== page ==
The Road Goes Ever On-Tolkien and the Berkeley Hill Trails

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The Road goes ever on and on

Down from the door where it began.

Now far ahead the Road has gone,

And I must follow, if I can,

Pursuing it with eager feet,

Until it joins some larger way

Where many paths and errands meet.

And whither then? I cannot say.”

~ J. R. R. Tolkien

When hiking in the Berkeley Hills, I often think of this poem from The Lord of the Rings. In some places, I half expect to see a Hobbit or Ranger trampling along the trail. (Click images for larger version.)

The Road Goes Ever On

In other dark places, I wonder if a Ring Wraith might not be lurking behind some tree or rock.

Ring Wraith Moon

And in some, I can almost feel the presence of the Elves, the beauty of the trees, light, and sky is so breath-taking.

Elven Skies

It was my happy privilege to read The Lord of the Rings while stationed in the Army in Augsburg, Germany. The trilogy was transformative for me, because somehow, reading it gave me back the “magic” of nature, the wonder of it. I’d somehow lost this feeling over the years through a combination of materialistic reductionism and a starkly dualistic religion that made this world at best a counterfeit of some abstract glorious realm that transcended material life.

As the wonders of the Tolkien’s story-telling unfolded, I felt my heart open up again to the beauty of nature all around me. In the incredible beauty of Black Forest trails, I was in Middle-Earth!

Bavarian Road

The charm of Bavaria, the rustic houses and even the dress of the people you’d meet on the trails, all lent themselves to the feel you’d stepped into a fairy tale. I can only image that the Cotswolds of England could more feel like Middle-Earth in the look and atmosphere.

I often marveled at this transformation of my heart. Yes, the story was beautiful, and wondrous, but why did it change my perception of nature so much?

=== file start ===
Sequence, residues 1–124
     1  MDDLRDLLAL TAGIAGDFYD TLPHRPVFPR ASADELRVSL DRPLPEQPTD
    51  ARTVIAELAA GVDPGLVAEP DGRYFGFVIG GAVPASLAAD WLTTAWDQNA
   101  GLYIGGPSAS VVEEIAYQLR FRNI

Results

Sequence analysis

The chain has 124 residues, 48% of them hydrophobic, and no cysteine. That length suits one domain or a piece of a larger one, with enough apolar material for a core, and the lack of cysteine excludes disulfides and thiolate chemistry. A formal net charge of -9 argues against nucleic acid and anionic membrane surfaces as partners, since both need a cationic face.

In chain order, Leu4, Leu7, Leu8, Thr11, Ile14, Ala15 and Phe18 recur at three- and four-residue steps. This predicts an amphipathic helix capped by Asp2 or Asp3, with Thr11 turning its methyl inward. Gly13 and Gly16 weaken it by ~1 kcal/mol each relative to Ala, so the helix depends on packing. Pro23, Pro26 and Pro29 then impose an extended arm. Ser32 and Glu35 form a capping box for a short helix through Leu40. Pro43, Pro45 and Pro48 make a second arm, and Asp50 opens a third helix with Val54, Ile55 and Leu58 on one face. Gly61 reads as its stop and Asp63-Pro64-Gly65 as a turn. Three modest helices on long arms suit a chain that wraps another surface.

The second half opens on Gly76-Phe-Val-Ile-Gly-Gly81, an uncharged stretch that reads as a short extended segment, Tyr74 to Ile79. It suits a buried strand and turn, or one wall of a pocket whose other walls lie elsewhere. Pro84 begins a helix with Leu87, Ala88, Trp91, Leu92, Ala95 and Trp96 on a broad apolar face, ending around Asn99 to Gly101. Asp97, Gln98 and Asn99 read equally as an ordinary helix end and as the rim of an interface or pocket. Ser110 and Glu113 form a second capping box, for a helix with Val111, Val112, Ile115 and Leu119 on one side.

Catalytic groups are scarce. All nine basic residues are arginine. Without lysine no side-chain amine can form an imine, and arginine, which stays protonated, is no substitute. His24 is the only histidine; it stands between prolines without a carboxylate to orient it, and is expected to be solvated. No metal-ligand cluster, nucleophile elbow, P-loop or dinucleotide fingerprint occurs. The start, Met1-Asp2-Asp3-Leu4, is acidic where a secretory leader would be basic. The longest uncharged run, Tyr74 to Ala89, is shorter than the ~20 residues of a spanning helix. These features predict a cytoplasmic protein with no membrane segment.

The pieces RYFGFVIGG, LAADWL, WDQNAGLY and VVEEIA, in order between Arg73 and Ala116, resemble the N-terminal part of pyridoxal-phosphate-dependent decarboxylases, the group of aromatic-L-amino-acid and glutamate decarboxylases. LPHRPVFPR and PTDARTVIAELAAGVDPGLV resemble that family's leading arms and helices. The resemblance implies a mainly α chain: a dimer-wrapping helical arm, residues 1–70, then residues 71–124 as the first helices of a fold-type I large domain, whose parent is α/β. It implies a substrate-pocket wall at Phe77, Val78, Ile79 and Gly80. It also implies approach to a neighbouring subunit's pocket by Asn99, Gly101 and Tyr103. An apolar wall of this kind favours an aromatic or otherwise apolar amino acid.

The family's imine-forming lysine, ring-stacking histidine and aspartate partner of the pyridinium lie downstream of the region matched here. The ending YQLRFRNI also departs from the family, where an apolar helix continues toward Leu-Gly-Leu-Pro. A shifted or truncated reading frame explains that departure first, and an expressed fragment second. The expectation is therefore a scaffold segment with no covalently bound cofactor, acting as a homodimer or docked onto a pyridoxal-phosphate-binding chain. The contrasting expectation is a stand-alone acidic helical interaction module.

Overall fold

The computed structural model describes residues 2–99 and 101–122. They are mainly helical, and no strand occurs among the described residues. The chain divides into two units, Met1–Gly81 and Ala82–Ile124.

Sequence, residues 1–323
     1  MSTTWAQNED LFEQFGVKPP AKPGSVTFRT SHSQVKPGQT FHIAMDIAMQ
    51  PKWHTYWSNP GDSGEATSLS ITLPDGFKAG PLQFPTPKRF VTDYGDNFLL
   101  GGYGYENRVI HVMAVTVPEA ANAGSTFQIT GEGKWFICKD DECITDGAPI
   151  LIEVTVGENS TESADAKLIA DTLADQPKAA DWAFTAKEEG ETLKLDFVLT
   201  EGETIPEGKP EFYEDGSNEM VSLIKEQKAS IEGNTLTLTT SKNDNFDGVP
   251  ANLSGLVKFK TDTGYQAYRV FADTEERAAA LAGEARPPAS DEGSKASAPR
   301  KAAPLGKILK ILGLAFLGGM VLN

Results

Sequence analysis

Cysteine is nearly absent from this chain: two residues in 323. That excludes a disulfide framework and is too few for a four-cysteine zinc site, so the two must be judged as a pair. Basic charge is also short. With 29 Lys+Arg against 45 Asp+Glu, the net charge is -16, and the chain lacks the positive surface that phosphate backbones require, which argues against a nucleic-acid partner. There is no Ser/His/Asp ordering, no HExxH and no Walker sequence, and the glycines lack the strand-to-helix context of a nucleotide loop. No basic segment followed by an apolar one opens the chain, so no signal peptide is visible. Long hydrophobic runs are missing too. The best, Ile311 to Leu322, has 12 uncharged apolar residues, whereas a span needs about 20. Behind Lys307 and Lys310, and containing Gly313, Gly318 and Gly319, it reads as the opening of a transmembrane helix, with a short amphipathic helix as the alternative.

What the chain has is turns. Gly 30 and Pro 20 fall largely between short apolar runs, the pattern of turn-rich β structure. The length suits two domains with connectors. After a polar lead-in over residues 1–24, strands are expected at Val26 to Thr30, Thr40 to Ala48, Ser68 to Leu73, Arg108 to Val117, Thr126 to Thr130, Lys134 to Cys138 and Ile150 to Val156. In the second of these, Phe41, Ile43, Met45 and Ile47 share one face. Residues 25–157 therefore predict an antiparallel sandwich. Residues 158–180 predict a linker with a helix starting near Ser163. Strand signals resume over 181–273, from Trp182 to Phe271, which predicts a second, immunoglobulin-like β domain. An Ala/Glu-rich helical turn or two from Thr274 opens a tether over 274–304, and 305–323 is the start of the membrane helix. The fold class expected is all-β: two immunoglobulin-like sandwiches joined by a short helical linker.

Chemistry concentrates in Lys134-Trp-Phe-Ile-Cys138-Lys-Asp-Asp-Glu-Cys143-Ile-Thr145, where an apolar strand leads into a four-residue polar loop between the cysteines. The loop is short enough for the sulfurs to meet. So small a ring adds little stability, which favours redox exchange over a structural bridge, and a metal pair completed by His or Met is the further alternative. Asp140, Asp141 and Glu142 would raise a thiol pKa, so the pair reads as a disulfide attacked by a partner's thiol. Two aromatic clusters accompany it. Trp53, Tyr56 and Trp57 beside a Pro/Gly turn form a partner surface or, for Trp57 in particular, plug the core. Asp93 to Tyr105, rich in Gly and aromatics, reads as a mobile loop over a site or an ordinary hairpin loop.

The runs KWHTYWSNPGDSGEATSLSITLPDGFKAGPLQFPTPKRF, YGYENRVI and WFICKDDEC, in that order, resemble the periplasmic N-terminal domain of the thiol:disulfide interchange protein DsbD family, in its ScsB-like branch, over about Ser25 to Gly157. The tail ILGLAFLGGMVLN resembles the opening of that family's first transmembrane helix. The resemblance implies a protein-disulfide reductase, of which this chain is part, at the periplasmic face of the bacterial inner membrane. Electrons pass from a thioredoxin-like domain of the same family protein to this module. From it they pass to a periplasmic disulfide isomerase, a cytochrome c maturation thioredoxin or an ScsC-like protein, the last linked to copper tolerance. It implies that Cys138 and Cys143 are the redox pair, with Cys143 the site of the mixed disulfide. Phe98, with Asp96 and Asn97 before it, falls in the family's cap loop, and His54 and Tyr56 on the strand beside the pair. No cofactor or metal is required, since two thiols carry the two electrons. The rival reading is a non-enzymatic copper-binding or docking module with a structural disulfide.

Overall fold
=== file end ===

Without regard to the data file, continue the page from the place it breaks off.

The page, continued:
Then, sometime later, I read Tolkien’s essay “On Fairy-Stories” and everything made sense.

What happened to me was what happened to Tolkien himself, though the “magic” of words: “It was in fairy-stories that I first divined the potency of the words, and the wonder of things, such as stone, and wood, and iron; tree and grass; house and fire; bread and wine.”

It was the wonder of the “mundane”—of stone, wood, tree, and grass, and the simple pleasures of food and true companions—that Tolkien’s story gave back to me, and it has never left. Genuine presence, being here and now, is “fairy,” is “magic.” It does transform everything into “Middle-Earth”—or the Pure Lands of Buddhism or the kingdom of heaven of Christianity and Islam.

As Tolkien says so beautifully:

“Far more powerful and poignant is the effect [of joy] in a serious tale of Faerie. In such stories, when the sudden turn comes, we get a piercing glimpse of joy, and heart’s desire, that for a moment passes outside the frame, rends indeed the very web of story, and lets a gleam come through.”

jan@messersmith.nameMadang Sunrise – Jan Messersmith♥♥♥

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4 responses »

  1. Pingback: The Beauty of the Berkeley Hills-Part 1 « Berkeley, Naturally!